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Dave Jacoby
Dave Jacoby

Posted on • Originally published at jacoby.github.io on

I Met A Var That Wasn’t There: Return of the Spectre of Unicode in Perl

I can’t let it go.

So, let’s make an exploit!

#!/usr/bin/env perl

use strict;
use warnings;
use experimental qw{ say signatures state };

use utf8;

if (1) {
    my $timeout;
    ( $timeout, ㅤ() ) = poorly_trusted_code_from_elsewhere();
    my @array = ( 'curl -s http://perl.com/', 'ping -c 1 purdue.pl', ㅤ() );

    for my $cmd (@array) {
        say $cmd;
        sleep $timeout;
    }
    say join "\n", @array;
    exit;
}

sub ㅤ : lvalue {
    state @array;
    @array = 1 .. 10 unless scalar @array;
    if ( scalar @_ ) {
        @array = @_;

        # say instead of a try {exec()} catch {};
        # because I'm just trying to make a point
        say join ' - ', @array;
    }
    else { return @array }
}

sub poorly_trusted_code_from_elsewhere () {
    return ( 4, 'cat /etc/passwd' );
}

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(if (1){ ,,, ; exit} is a convention I use in my test files, where I work to see if I can do the code thing I’m thinking about, not actually solving the problem, and because there can be dozens of things I’m poking at, I put them in this simple if statement and exit out, occasionally turning it to if (0) and certainly stopping things at the end of the block.)

So, rather than actually stand up an untrustworthy server, I’m mockig it with poorly_trusted_code_from_elsewhere, and having it return a command that … well, we use shadow passwords, so passing /etc/passwd isn’t the horror it was in the 1990s, but still, don’t.

Then we have a for loop that handles all the commands, in this case saying them rather than running them, because I don’t really want to get the source code to Perl.com.

If I run this with use utf8:

$ ./exploit.pl
HOLY SIGNIFICANT WHITESPACE, BATMAN!
HOLY SIGNIFICANT WHITESPACE, BATMAN!
curl -s http://perl.com/
ping -c 1 purdue.pl
cat /etc/passwd
curl -s http://perl.com/
ping -c 1 purdue.pl
cat /etc/passwd

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If I comment it out:

$ ./exploit.pl
Unrecognized character \xE3; marked by <-- HERE after $timeout, <-- HERE near column 17 at ./exploit.pl line 11.

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And, if I run perlcritic:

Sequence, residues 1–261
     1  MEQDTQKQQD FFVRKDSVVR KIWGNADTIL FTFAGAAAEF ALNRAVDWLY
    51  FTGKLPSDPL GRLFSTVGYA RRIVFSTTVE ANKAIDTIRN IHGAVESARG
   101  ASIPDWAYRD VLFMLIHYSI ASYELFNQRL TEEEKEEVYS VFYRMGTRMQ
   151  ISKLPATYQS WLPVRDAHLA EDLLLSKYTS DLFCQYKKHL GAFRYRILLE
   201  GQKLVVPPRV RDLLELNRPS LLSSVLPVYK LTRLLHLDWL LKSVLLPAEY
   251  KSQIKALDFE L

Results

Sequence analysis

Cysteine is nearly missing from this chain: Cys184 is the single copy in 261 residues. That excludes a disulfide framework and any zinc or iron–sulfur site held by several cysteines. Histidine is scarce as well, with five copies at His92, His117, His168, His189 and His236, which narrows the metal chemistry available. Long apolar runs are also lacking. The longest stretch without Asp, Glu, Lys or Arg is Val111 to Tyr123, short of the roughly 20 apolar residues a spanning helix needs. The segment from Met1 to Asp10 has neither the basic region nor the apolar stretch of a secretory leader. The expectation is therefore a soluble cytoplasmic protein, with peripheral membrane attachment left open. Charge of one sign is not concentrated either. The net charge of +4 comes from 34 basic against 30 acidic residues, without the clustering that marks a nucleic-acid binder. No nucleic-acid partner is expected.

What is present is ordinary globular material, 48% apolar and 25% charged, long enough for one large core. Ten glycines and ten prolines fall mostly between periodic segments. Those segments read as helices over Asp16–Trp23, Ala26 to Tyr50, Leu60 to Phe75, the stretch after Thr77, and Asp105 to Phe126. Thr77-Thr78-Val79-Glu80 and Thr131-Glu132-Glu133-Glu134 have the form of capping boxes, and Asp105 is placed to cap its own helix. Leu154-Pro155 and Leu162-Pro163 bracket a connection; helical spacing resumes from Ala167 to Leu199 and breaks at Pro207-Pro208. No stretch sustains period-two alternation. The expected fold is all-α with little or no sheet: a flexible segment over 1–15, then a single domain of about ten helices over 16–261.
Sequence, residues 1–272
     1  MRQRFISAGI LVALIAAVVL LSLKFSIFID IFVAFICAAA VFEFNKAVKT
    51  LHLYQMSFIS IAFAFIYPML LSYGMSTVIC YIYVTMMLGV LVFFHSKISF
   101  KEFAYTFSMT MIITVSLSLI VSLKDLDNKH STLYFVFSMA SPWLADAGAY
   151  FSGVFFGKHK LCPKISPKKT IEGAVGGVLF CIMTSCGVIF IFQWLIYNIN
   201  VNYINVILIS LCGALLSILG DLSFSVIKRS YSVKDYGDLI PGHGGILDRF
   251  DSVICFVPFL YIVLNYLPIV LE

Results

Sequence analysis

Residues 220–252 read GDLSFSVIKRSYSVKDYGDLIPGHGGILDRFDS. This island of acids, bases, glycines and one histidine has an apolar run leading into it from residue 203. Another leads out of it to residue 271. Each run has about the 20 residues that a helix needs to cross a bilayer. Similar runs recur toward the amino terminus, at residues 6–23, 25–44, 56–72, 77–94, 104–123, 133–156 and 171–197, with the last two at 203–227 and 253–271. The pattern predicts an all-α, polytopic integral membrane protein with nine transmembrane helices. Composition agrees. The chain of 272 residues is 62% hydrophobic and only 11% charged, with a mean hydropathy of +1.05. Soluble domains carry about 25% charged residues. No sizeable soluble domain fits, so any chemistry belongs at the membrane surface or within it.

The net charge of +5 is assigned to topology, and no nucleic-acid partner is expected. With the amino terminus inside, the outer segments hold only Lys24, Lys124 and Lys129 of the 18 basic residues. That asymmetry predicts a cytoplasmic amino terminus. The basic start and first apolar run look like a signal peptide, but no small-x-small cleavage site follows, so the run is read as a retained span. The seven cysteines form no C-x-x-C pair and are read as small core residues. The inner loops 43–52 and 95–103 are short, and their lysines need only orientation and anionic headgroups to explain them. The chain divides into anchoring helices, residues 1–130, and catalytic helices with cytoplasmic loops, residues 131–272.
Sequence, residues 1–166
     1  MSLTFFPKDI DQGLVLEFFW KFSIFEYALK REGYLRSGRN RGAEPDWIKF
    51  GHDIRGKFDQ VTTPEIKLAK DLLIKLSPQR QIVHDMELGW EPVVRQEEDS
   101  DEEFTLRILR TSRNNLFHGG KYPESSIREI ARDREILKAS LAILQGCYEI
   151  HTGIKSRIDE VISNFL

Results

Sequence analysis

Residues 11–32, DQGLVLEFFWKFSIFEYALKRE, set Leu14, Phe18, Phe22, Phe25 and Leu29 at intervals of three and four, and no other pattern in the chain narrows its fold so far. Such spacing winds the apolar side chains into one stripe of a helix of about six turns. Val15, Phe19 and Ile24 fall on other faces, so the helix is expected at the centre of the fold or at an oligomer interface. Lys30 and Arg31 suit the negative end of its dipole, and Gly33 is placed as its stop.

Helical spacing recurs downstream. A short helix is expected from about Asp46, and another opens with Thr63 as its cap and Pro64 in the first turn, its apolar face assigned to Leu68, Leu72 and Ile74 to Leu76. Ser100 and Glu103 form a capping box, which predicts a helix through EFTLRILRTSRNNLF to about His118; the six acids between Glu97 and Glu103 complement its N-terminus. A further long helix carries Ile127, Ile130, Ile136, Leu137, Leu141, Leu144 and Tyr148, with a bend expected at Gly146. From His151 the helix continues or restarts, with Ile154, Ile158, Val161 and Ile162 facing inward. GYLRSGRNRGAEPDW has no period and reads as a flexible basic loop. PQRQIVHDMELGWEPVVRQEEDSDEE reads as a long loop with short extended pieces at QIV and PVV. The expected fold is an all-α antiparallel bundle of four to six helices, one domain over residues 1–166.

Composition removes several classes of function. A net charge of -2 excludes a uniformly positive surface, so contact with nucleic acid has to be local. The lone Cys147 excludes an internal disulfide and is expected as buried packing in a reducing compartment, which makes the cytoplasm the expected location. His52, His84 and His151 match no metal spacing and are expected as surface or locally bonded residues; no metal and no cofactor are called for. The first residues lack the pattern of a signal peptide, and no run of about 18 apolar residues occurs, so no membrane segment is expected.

Problem while critiquing "exploit.pl": Can't parse code: Encountered unexpected character '227'

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But then, you have sub ㅤ : lvalue { ... } right in your program. “Hey Joe” , you ask. “What’s the deal with this nameless subroutine you put in my code?”

So, instead, Joe writes BadMod, a bad module that does bad things.

package BadMod;

use strict;
use warnings;
use experimental qw{ say signatures state };
use utf8;

use Exporter qw{import};
our @EXPORT = qw{
    poorly_trusted_code_from_elsewhere
    ㅤ
};

sub ㅤ : lvalue {
    say 'HOLY SIGNIFICANT WHITESPACE, BATMAN!';
    state @array;
    @array = 1 .. 10 unless scalar @array;
    if ( scalar @_ ) {
        @array = @_;

        # say instead of a try {exec()} catch {};
        # because I'm just trying to make a point
        say join ' - ', @array;
    }
    else { return @array }
}

sub poorly_trusted_code_from_elsewhere () {
    return ( 4, 'cat /etc/passwd' );
}

1

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And there’s nothing too noticable in the main code, beyond () in places that kinda smell, and a warning on perlcritic.

#!/usr/bin/env perl

use strict;
use warnings;
use experimental qw{ say signatures state };
use utf8;

use lib '.';
use BadMod;

if (1) {
    my $timeout;
    ( $timeout, ㅤ() ) = poorly_trusted_code_from_elsewhere();
    my @array = ( 'curl -s https://perl.com/', 'ping -c 1 purdue.pl', ㅤ() );

    for my $cmd (@array) {
        say $cmd;
        sleep $timeout;
    }
    say join "\n", @array;
    exit;
}


$ ./exploit.pl
HOLY SIGNIFICANT WHITESPACE, BATMAN!
HOLY SIGNIFICANT WHITESPACE, BATMAN!
curl -s https://perl.com/
ping -c 1 purdue.pl
cat /etc/passwd
curl -s https://perl.com/
ping -c 1 purdue.pl
cat /etc/passwd

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And exploit.pl still fails perlcritic has weird code-smelly braces in there.

So, if you write BadMod a bit like this:

package BadMod;

# pseudocode, this won't actually run
my @bad_commands;

sub poorly_trusted_code_from_elsewhere () {
    push @bad_commands, 'cat /etc/passwd' ;
    return 4;
}

sub execute_commands ( @good_commands ) {
    push @good_commands, @bad_commands;
    for my $cmd (@good_commands) {
        say $cmd;
        sleep $timeout;
    }
}

1

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Just rename @bad_commands to something more innouous and fill the module with dead code, obfuscated code and a thousand globals and you could never tell there’s a problem, and it will pass perlcritic.

So, could I get exploit.pl to ‘execute’ things that it shouldn’t? Definitely.

Are there better ways to get exploit code into a code base that don’t use a character set that can be easily turned off on a whim and don’t trigger any of the default Perl::Critic policies? Absolutely.

Is this something you should be aware of? Sure.

Should anyone be afraid of using a character set that allows the use of letters foreigners use (like لؤلؤة) or images the kids use while texting (like 🍆)? So afraid they categorize it over real threats or problems? No. That doesn’t make a lick of sense.

If you have any questions or comments, I would be glad to hear it. Ask me on Twitter or make an issue on my blog repo.

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